What is an Alternative Break?
Alternative Breaks are service-learning experiences supporting alongside the community to seek a more equitable and inclusive society. Alternative Breaks trips are also designed to heighten participants’ awareness of critical social issues, enhance their individual growth, and prepare them for lifelong social action . Each weekend or week-long trip integrates service, reflection and education and focuses on various social justice topics such as racial justice, environment justice, housing, healthcare, etc. Visit the trip listing page for more specific trip descriptions and information.
What makes these trips “Alternative”?
Alternative breaks are just that- an alternative to life on campus. The breaks give students an opportunity to meet new people, learn new things and to step away from traditional learning and living. Alternative Breaks trips are entirely drug and alcohol-free, thus providing an “alternative” option to traditional spring break and weekend activities.
If you have any questions, please email our Alternative Break Staff Coordinator: Carl Soares at email@example.com.
Components of Alternative Breaks
Community Outreach uses the following components from our national partner organization, Break Away, to create high-quality, consistent, and meaningful experiences for all of our participants:
Direct Engagement: Programs should develop projects identified by community assets and needs and in conjunction with community partner/s.”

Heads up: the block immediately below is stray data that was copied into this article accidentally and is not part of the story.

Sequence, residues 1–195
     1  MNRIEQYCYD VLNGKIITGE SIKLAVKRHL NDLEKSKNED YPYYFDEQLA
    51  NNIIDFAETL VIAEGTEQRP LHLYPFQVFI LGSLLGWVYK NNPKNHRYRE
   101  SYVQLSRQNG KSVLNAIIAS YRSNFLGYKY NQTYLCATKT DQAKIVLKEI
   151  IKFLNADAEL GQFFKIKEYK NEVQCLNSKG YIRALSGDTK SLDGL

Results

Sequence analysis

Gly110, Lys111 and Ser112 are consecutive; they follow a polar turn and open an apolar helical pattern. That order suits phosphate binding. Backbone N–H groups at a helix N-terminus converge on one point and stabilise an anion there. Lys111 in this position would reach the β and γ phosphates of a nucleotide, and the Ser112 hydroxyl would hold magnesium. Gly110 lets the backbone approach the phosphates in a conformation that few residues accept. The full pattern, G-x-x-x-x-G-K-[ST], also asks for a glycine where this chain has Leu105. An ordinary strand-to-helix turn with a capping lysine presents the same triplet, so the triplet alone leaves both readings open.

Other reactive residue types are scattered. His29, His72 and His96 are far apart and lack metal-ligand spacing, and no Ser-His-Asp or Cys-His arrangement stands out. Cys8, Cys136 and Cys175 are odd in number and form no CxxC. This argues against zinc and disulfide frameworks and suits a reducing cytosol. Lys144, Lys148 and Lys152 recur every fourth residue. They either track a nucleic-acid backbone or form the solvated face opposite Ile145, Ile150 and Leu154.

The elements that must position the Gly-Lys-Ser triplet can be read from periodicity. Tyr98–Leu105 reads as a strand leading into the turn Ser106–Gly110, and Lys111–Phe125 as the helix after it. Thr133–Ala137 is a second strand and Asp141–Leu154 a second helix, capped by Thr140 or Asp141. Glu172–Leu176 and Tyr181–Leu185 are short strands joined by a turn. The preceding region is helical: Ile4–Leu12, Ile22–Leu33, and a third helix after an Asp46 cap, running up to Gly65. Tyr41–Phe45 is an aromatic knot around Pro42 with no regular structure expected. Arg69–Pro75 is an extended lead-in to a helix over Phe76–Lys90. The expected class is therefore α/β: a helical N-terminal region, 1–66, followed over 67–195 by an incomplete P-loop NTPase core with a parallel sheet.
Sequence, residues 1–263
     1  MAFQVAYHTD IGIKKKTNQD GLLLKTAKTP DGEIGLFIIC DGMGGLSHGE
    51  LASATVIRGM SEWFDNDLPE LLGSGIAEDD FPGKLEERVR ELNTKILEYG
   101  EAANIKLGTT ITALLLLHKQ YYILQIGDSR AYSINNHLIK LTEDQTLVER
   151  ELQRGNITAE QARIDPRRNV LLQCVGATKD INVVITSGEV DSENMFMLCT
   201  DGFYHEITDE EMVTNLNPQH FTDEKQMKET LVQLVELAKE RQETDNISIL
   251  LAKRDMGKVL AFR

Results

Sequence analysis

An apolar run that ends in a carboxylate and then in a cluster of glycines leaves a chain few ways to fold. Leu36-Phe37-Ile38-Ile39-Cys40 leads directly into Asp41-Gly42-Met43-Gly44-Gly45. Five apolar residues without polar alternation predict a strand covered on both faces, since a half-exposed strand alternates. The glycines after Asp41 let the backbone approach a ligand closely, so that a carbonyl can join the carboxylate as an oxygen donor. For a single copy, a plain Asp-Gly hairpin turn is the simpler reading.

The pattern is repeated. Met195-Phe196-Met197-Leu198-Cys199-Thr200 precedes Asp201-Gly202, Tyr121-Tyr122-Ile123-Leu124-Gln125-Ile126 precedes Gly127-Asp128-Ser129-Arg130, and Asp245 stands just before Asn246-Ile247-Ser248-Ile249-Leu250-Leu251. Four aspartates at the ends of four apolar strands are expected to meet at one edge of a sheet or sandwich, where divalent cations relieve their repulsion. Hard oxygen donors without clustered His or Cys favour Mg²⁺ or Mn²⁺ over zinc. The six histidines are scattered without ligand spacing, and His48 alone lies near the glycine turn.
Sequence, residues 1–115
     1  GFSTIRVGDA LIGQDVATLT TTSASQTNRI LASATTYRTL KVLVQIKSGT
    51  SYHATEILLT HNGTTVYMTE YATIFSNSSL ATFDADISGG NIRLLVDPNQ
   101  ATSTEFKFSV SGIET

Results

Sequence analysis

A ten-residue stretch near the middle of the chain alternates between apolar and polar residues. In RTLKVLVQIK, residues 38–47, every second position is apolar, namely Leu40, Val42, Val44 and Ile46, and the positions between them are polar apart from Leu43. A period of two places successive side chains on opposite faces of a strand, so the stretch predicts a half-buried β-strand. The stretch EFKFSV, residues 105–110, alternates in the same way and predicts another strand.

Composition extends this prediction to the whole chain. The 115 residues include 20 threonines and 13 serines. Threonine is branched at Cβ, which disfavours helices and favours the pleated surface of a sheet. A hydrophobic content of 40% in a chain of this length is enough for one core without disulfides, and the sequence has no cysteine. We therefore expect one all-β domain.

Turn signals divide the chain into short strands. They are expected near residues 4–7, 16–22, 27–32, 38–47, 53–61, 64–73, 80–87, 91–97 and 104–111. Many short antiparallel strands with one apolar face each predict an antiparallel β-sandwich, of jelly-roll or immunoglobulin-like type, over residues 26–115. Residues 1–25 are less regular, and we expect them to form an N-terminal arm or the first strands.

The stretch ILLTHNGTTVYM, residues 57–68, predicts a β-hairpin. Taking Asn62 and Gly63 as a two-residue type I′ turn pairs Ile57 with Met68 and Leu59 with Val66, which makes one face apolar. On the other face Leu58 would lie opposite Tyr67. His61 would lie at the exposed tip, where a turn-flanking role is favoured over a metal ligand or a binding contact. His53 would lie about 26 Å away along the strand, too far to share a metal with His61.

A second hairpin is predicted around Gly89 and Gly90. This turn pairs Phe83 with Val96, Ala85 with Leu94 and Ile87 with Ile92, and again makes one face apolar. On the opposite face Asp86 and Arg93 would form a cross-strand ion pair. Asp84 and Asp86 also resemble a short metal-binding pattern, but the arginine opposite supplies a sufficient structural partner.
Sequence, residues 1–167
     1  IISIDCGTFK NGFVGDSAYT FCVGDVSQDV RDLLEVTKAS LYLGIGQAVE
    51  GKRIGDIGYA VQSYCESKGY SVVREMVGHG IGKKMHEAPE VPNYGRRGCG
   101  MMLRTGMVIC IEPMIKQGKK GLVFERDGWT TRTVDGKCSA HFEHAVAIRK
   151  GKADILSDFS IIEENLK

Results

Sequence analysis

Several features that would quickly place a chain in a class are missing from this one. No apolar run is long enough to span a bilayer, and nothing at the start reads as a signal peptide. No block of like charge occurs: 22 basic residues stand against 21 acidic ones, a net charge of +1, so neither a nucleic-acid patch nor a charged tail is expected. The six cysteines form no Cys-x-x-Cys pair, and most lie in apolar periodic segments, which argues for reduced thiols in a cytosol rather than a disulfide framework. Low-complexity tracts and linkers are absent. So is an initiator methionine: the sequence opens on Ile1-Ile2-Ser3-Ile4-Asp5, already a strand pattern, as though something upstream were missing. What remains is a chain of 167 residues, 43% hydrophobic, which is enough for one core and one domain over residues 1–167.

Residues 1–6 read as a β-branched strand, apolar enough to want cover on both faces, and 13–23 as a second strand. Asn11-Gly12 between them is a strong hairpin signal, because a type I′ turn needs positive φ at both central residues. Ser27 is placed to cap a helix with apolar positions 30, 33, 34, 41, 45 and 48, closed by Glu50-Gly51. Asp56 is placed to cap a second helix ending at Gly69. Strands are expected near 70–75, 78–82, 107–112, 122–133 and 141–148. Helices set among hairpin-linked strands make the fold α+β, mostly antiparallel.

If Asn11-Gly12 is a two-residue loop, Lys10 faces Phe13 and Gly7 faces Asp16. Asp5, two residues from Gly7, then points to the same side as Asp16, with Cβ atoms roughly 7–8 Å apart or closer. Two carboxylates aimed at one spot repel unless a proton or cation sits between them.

Full Immersion: “Alternative breaks provide participants with an opportunity to live in line with community, program, opportunities for individuals to consider ways of aligning values and actions regarding choices about the alternative break experience. Strong programs develop and communicate philosophies and corresponding practices around how participants will approach these topics during an alternative break”
Identity-Consciousness and Equity: “Alternative break programs include participants representing the range of students present in the campus community. Leaders recruit for, design, implement, and evaluate their program with this end in mind. Strong programs engage participants in dialogue that furthers understanding of how systems of power, privilege, and oppression relate to social issues and service work in communities. This deepened awareness enables students to do more responsible, sustainable, and impactful community work.”
Orientation: Prior to departure, participants are oriented to the mission and vision of the community, community partner, or organization(s) with which they will be working.
Education: Effective education provides facts and opinions from all perspectives on the issue, including ways that participants’ personal life choices are connected to the social issue.
Training: Participants are provided with adequate training in skills necessary to carry out tasks and projects during the trip. Ideally this training will take place prior to departure, although in some instances it may occur once participants have reached their site.
Reflection: During the trip, participants are encouraged to reflect upon the experience they are having, synthesizing the direct service, education, and community interaction components. Time is set aside for this to take place both individually and as a group.
Reorientation: Upon return to campus, participants transfer the lessons learned on break by identifying local organizations for continued education or service, sharing their experience to raise awareness of social issues, and by organizing or joining other small groups to take action on local issues through direct service, advocacy, and/or philanthropy.